Viibryd for Fibromyalgia and Chronic Fatigue Syndrome

Illustration of receptors on a synapse.
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Antidepressants are the most commonly prescribed drugs for people with the long-term, widespread-pain disorder fibromyalgia and chronic fatigue syndrome, characterized by extreme tiredness. However, this class of drugs has a relatively high risk of side effects, and the list of possible side effects is long.

A drug called Viibryd (vilazodone) was created to provide relief with fewer adverse effects. Also, clinical studies suggest that it's significantly less likely to cause weight gain and sexual dysfunction—two side effects that often cause people to go off of other antidepressants.

How Is Viibryd Different?

Viibryd, approved by the Food and Drug Administration in 2011, is a type of antidepressant called an SSRI (selective serotonin reuptake inhibitor). But Viibryd is different because it targets more than reuptake.

Reuptake is basically a housekeeping function of the brain. When one neuron (brain cell) sends a message to another, it does so with chemicals called neurotransmitters, and serotonin is a very important neurotransmitter. It is, in fact, a key hormone that stabilizes our moods, feelings, and happiness. Sometimes our bodies lack this hormone.

When you have low serotonin levels, or low levels of any neurotransmitter, a message sent using it doesn't have enough power to get from one neuron to the next. It's like a tennis serve that's too weak to get the ball across the net.

The ball boy who runs out to collect these unreceived balls is doing the job of reuptake—getting rid of the used serotonin so it's not cluttering things up. Drugs that slow reuptake keep that ball boy (actually glial cells and presynaptic neurons) from snatching away the neurotransmitter and giving it more time to deliver its message.

Think of the opposing player as the neuron who's receiving the message. That cell has receptors, and each receptor is designed to only receive messages from certain neurotransmitters.

Basically, the receptor is locked, and only the right chemical keys can open it. Viibryd targets certain serotonin receptors with simulated keys and tricks them into opening, making it easier for the messages to flow from cell to cell.

What we're seeing is that as drugs become more specialized in this way, they continue to be effective with fewer side effects. By zeroing in on specific and limited ways that the brain functions, they can better target the underlying problem instead of changing the function of larger areas of the brain that control things we don't want to interfere with.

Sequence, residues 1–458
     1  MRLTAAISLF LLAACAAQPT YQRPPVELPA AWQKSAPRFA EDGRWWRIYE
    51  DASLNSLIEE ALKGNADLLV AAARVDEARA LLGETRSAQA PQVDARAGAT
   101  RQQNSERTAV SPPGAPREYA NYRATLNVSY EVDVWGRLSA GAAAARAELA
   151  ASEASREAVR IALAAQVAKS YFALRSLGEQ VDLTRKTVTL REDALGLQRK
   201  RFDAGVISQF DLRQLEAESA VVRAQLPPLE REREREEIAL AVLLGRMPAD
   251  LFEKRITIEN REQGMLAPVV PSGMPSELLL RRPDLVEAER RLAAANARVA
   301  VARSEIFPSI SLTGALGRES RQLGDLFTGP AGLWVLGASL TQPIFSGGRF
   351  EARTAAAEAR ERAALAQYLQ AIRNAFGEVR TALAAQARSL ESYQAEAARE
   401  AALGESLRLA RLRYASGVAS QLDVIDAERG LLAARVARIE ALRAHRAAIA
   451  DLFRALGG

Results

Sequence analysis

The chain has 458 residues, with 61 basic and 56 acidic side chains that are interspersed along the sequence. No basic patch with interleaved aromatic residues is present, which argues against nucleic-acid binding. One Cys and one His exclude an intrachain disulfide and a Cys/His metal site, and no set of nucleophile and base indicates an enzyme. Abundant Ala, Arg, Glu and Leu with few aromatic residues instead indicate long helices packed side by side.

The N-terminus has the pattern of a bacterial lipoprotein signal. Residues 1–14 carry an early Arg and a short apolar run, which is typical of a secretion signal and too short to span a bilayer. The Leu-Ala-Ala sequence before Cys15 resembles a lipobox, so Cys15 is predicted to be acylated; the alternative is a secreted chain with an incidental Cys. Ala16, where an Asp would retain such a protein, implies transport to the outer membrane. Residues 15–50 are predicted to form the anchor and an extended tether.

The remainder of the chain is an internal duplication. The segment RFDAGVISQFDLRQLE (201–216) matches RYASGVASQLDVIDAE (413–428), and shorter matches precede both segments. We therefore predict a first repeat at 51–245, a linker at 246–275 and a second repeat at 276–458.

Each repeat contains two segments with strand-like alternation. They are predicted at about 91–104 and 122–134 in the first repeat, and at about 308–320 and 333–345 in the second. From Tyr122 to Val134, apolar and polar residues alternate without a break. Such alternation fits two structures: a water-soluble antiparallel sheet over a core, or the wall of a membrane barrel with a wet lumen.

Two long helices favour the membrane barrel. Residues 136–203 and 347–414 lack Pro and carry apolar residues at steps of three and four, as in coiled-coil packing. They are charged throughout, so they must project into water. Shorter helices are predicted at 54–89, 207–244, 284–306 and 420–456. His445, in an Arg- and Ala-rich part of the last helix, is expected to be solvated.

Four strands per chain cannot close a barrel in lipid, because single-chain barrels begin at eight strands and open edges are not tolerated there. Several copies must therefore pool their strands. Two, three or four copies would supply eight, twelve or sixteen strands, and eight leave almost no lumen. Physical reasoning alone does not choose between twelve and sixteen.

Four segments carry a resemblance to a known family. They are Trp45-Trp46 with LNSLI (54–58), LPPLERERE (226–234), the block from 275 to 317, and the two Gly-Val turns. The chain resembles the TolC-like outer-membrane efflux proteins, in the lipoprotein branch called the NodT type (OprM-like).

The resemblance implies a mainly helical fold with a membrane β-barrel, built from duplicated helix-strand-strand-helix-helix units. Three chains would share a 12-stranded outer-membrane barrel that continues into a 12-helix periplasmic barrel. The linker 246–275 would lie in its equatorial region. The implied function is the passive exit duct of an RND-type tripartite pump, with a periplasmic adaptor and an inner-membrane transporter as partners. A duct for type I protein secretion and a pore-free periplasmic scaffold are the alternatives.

So far, Viibryd hasn't been studied for fibromyalgia or chronic fatigue syndrome. Studies, including some large ones, suggest Viibryd is effective against major depressive disorder, which is common in people with fibromyalgia and chronic fatigue syndrome. Studies also suggest that it's well tolerated. Research published in 2017 found no effect on sexual function in healthy adults.

Side Effects

While Viibryd appears to have fewer side effects than other drugs in its class, that doesn't mean it's free from side effects. (No drug is.) In trials, common side effects include:

  • Diarrhea
  • Nausea
  • Dizziness
  • Insomnia
  • Nightmares or abnormal dreams
  • Vomiting

If you're considering Viibryd, be sure to talk to your healthcare provider and pharmacist about the possible risks and benefits. Your healthcare provider and pharmacist can help you identify potential negative interactions with other medications and supplements you're taking.

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3 Sources
Verywell Health uses only high-quality sources, including peer-reviewed studies, to support the facts within our articles. Read our editorial process to learn more about how we fact-check and keep our content accurate, reliable, and trustworthy.
  1. Mayo Clinic. Selective Serotonin Reuptake Inhibitors (SSRIs).

  2. Clayton AH, Durgam S, Li D, et al. Effects of vilazodone on sexual functioning in healthy adults: results from a randomized, double-blind, placebo-controlled, and active-controlled studyInt Clin Psychopharmacol. 2017;32(1):27-35. doi:10.1097/YIC.0000000000000145

  3. Mayo Clinic. Vilazodone; Oral Route.

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